Based on its function as a negative regulator of Notch signaling, the expected numb phenotype is opposite that of Notch in terms of sibling cell fate transformation. The P101 expression pattern was tested in the background of a strong numb mutation. In contrast to Notch and mam, additional P101+ cells were found in the vicinity of the aCC/pCC position. In most of the examined hemi-neuromeres, up to four ß-gal-positive cells were detected in dorsal positions close to aCC/pCC. This is indicative of a duplication of the A- and B-SPGs. Additional P101+ cells with glial morphology were found in lateral and ventral positions of the nerve cord, presumably duplications of other SPGs. These findings are consistent with an asymmetric cell division model for the genesis of the SPGs (Udolph, 2001).

Slit signaling promotes the terminal asymmetric division of neural precursor cells in the Drosophila CNS

The bipotential ganglion mother cells, or GMCs, in the Drosophila CNS asymmetrically divide to generate two distinct post-mitotic neurons. The midline repellent Slit (Sli), via its receptor Roundabout (Robo), promotes the terminal asymmetric division of GMCs. In GMC-1 of the RP2/sib lineage, Slit promotes asymmetric division by down regulating two POU proteins, Nubbin and Mitimere. The down regulation of these proteins allows the asymmetric localization of Inscuteable, leading to the asymmetric division of GMC-1. Consistent with this, over-expression of these POU genes in a late GMC-1 causes mis-localization of Insc and symmetric division of GMC-1 to generate two RP2s. Similarly, increasing the dosage of the two POU genes in sli mutant background enhances the penetrance of the RP2 lineage defects whereas reducing the dosage of the two genes reduces the penetrance of the phenotype. These results tie a cell-non-autonomous signaling pathway to the asymmetric division of precursor cells during neurogenesis (Mehta, 2001).

The symmetric division of GMCs in sli mutants is similar to that observed in insc, Notch or rapsynoid (raps; also known as pins) mutants and opposite that of nb. Previous results show that the cytoplasmic adaptor protein Insc is required for the asymmetric division of GMC-1 into RP2 and sib. During GMC-1 division, Insc protein localizes to the apical side and Nb to the basal side. The Nb-negative daughter cell becomes specified as sib by Notch signaling whereas the cell that inherits Nb becomes an RP2 owing to the blocking of Notch signaling by Nb. Thus, in insc mutants, both cells inherit Nb and are specified as RP2 while in nb mutants both progeny becomes sib. Given the similarity of sli, sim and insc mutant phenotypes, the relationship between Sli and Insc was examined. First, in sli mutants the localization of Insc in GMC-1, when examined, is not asymmetric. About 7% of the hemisegments show this phenotype. A similar non-localization of Insc was also observed in GMC1-1a of the aCC/pCC lineage. In raps mutant embryos, Insc is also not localized and as in sli the GMC-1 divides symmetrically to generate two RP2s. Thus, failure to localize Insc in these GMCs in sli mutants is responsible for their symmetric mitosis. In insc;nb double mutants both the daughters of GMC-1 are specified as sib by Notch signaling. In sli;nb (or sim;nb) double mutant embryos also, both the progeny of GMC-1 adopt a sib fate. Thus, Sli is required upstream of Nb during the asymmetric division of GMC-1. Since the GMC-1 symmetrically divides to yield two RP2s in Notch;nb double mutants, and two sibs in sli;nb double mutants, Sli is also upstream of Notch signaling during the asymmetric division of GMC-1. These results also indicate that when the GMC-1 in sli mutants symmetrically divides, both daughters inherit Nb (Mehta, 2001).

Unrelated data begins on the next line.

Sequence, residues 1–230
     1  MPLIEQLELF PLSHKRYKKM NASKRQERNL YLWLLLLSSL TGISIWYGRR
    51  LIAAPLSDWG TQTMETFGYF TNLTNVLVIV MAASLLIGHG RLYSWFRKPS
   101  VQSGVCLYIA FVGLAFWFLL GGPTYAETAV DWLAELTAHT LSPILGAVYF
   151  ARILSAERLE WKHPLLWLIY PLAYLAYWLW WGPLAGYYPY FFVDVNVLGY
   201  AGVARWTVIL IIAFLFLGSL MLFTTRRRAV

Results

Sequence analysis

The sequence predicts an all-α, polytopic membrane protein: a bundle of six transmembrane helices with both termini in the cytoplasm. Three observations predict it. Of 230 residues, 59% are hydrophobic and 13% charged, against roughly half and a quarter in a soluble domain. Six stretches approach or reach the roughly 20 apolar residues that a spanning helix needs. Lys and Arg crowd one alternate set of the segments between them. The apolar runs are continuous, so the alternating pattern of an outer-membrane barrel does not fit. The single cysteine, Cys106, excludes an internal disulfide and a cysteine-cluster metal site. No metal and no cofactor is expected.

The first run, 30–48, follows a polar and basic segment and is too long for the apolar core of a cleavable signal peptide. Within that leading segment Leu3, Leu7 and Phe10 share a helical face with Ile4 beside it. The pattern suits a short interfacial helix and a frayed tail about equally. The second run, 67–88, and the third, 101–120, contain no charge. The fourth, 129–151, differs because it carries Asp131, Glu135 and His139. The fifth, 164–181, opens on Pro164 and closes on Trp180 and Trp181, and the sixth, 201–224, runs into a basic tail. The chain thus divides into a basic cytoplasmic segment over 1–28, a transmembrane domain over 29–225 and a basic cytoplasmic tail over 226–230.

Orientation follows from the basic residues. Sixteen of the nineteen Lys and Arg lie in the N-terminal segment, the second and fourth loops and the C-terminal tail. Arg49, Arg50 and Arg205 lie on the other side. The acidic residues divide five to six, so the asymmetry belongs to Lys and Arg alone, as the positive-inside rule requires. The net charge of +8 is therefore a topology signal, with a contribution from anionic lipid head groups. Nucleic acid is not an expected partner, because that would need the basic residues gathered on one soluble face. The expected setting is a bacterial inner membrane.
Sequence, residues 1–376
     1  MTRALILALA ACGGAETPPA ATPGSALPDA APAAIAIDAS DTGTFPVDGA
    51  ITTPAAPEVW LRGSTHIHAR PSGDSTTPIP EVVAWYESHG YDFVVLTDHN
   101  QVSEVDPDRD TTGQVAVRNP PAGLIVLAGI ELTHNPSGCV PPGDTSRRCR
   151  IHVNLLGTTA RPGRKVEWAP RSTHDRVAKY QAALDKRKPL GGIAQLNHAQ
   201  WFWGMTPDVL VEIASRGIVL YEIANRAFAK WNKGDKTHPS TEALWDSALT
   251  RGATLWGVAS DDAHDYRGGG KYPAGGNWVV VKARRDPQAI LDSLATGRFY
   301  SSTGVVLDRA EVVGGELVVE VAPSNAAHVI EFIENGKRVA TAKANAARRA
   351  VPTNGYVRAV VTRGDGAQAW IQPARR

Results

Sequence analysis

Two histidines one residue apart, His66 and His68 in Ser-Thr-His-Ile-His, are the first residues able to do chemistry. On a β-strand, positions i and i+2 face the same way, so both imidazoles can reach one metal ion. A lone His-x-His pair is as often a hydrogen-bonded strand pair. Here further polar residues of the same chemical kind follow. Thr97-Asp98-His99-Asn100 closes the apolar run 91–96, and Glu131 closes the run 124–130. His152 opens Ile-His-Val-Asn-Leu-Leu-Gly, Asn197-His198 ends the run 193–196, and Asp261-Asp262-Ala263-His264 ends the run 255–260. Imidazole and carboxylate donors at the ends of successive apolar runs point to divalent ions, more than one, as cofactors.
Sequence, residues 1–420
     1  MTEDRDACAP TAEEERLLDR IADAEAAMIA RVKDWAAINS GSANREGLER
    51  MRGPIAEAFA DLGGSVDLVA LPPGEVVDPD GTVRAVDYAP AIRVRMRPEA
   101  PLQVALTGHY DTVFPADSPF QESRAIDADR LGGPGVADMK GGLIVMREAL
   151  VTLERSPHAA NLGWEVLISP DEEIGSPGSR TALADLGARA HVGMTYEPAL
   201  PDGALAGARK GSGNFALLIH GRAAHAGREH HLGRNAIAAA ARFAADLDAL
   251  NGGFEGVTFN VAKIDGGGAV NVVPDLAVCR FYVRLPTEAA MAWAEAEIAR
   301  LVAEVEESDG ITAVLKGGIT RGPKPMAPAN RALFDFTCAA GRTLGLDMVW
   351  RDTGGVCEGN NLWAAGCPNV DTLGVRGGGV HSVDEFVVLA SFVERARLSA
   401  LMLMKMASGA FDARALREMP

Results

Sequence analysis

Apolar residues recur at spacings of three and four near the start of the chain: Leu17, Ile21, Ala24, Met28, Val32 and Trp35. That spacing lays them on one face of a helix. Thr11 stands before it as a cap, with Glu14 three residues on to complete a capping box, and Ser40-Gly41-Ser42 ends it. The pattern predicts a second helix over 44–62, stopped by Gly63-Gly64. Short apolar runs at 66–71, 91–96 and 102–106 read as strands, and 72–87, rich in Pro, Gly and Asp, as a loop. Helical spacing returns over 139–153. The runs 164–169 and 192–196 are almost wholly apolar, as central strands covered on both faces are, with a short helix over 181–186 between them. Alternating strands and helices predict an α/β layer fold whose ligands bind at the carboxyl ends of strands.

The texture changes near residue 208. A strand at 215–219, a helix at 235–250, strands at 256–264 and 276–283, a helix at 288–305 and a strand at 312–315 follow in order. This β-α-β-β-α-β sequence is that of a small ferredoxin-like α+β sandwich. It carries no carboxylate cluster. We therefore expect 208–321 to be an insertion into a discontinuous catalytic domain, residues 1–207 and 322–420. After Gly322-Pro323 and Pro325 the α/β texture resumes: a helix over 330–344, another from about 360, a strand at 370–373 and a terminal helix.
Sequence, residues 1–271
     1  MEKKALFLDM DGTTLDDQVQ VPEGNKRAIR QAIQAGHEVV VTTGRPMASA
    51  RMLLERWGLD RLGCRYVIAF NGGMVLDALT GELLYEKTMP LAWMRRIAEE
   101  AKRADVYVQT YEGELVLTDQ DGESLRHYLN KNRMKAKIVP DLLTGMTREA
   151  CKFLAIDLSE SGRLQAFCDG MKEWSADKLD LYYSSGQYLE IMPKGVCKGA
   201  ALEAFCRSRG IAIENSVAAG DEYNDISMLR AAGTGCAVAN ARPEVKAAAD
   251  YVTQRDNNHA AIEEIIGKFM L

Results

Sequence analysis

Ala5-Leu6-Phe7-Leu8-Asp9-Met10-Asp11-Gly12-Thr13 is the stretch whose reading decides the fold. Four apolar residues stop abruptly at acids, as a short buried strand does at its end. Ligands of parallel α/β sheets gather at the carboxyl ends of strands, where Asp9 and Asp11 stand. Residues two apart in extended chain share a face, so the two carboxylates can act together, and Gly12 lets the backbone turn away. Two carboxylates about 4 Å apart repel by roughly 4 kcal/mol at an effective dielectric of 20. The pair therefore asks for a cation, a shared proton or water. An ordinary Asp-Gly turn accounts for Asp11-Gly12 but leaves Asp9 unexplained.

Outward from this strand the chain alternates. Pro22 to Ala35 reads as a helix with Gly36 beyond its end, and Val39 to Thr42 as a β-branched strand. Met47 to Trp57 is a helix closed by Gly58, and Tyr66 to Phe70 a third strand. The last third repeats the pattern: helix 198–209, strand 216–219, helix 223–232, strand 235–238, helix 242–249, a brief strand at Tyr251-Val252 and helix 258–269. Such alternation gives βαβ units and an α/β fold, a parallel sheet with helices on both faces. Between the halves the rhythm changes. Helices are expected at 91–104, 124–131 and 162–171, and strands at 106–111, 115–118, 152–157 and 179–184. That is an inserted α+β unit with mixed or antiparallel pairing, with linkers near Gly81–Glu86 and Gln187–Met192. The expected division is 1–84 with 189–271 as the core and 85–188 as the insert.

Role of cortical tumor-suppressor proteins in asymmetric division of Drosophila neuroblast

In Drosophila, neuroblasts undergo typical asymmetric divisions to produce another neuroblast and a ganglion mother cell. At mitosis, neural fate determinants, including Prospero and Numb, localize to the basal cortex from which the ganglion mother cell buds off; Inscuteable and Bazooka, which regulate spindle orientation, localize apically. Lethal (2) giant larvae (Lgl) is essential for asymmetric cortical localization of all basal determinants in mitotic neuroblasts, and is therefore indispensable for neural fate decisions. Lgl, which itself is uniformly cortical, interacts with several types of Myosin to localize the determinants. Another tumor-suppressor protein, Lethal discs large (Dlg), participates in this process by regulating the localization of Lgl. The localization of the apical components is unaffected in lgl or dlg mutants. Thus, Lgl and Dlg act in a common process that differentially mediates cortical protein targeting in mitotic neuroblasts, and that creates intrinsic differences between daughter cells (Ohshiro, 2000).

In mitotic neuroblasts, the Prospero transcription factor and Numb, an antagonist of Notch signaling, associate with their respective adapter proteins, Miranda and Partner of numb (Pon), and thereby localize to the basal cortex. In contrast, Inscuteable (Insc), Bazooka (Baz) and Partner of Inscuteable (Pins) form a ternary complex at the apical cortex independently of the basal determinants. However, the mechanisms that underlie the asymmetric protein sorting in neuroblasts are not known. To address this issue, chromosomal deficiencies have been sought that affect the subcellular distribution of Miranda. Such screening identified the lgl tumor-suppressor gene that encodes a protein containing WD40 repeats. In wild-type neuroblasts, Miranda, which localizes apically during interphase, accumulates at the basal cortex upon mitosis after a transient spread into the cytoplasm. In germline clone embryos lacking both maternal and zygotic lgl activity (lglGLC embryos), Miranda does not localize asymmetrically in mitotic neuroblasts, but rather is distributed uniformly throughout the cortex as well as in the cytoplasm, where it is concentrated along microtubule structures. Consequently, Miranda segregates into both the daughter neuroblast and the ganglion mother cell (GMC). Numb and Pon are also distributed uniformly at the cortex and in the cytoplasm (Ohshiro, 2000).